In this C++ tutorial, we cover the other major type of loop: namely, for-loops. For-loops offer a more compact form than a while-loop when we are writing most loops. By taking the key common elements of a loop and making them part of the loop statement, for-loops offer a less error-prone looping structure. We have chosen to call these elements initialization, conditional, and update:
In the video, we gave the example of a for-loop that was used to output the prices for a list of homes and the corresponding location by district. The example is not necessarily practical or common in real estate, but in real estate we would probably want to have some notion of location. The definition of the district is deliberately non-specific and could refer to a school district, congressional district, a legislative district, or whatever might be useful.
Generally, we would not want to put something like the home price and the location into a single array. In this case, we have done it to give a better idea of what is possible in a for-loop.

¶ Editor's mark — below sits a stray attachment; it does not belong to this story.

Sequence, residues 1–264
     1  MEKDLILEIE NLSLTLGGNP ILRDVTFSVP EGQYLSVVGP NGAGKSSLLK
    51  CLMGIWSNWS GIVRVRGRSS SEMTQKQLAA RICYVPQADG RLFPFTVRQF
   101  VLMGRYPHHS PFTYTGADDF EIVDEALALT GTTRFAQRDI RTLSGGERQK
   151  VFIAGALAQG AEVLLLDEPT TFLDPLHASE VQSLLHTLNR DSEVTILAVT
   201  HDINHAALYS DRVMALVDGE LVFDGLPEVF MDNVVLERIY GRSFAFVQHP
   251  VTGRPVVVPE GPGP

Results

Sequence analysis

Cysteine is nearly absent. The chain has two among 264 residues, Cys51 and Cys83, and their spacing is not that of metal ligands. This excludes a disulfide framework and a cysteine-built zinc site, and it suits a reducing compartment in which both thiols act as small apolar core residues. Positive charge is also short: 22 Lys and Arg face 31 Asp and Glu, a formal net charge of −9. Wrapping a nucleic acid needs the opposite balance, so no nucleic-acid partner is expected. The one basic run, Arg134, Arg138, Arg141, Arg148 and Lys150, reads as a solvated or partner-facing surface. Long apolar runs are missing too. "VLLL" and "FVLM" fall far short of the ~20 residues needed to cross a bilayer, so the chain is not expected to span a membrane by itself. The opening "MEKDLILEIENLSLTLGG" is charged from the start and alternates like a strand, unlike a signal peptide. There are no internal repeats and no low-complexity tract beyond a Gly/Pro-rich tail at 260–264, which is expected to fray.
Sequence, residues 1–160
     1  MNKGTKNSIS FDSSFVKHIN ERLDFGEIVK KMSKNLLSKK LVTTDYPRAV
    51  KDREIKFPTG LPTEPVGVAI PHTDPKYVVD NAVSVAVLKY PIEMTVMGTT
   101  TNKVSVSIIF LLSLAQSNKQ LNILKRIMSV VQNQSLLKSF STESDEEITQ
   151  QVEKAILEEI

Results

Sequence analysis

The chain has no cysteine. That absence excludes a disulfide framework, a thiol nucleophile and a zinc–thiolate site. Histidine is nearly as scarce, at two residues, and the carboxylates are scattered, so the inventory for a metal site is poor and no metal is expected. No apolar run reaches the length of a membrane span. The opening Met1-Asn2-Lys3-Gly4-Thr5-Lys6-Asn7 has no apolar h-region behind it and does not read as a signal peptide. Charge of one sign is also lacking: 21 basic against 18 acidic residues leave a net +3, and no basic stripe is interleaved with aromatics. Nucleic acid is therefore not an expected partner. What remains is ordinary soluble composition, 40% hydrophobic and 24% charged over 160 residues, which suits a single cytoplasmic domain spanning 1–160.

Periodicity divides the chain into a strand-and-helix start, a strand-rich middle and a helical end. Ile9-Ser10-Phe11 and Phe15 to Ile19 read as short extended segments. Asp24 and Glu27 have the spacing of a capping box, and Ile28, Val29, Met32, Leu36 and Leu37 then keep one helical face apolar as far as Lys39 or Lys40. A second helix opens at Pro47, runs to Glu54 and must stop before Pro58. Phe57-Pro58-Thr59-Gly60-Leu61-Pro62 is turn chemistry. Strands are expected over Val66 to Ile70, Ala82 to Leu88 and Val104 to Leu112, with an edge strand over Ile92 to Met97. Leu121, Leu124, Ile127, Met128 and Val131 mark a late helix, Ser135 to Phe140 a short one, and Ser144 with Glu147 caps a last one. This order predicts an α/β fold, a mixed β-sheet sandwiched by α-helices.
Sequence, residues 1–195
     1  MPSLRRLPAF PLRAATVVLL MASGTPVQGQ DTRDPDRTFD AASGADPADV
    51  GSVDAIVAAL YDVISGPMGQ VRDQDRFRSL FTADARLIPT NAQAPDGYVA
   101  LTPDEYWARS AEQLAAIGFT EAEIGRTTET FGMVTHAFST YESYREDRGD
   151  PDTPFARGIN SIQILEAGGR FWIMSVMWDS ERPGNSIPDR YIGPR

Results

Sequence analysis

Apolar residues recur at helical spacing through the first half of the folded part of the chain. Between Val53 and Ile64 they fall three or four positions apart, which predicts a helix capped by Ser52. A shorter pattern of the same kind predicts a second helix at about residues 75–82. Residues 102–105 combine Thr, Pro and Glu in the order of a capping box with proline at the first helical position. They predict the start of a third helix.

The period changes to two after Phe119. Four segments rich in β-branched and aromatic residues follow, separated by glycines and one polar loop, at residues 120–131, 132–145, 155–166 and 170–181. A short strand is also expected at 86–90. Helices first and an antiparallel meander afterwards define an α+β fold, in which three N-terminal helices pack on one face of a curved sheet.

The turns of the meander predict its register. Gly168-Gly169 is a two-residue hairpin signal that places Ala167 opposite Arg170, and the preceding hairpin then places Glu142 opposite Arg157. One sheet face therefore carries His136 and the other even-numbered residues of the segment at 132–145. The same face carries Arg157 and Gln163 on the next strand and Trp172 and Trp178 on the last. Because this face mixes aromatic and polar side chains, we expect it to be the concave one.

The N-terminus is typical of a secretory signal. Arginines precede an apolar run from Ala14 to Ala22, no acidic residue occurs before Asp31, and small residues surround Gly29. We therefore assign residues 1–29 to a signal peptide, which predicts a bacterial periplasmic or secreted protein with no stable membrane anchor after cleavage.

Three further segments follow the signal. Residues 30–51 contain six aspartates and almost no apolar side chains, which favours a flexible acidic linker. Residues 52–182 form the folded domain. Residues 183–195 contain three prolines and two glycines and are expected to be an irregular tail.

Here, we describe the flow of the for-loop to better illustrate how execution works. First, the indices i and j are initialized. Then, the conditional is checked before we enter the loop; note that this conditional acts like a while-loop and not like a do-while loop.
Once we are inside the loop, we perform the instructions inside the braces. In this example, there is a single statement, which prints the home prices and the location of the house. After the loop internals are executed, the update is performed: incrementing i and j, and then the conditional is checked: i < 4. If the condition is true, the loop continues to run.
Finally, you may see loops written without braces, particularly in legacy code. When no braces are present, the loop contains only the next lineup to the next semi-colon. Such usage is generally frowned upon these days since it is prone to errors. The nested loops shown here, though typical, are not pleasant to read and are much worse to maintain and debug.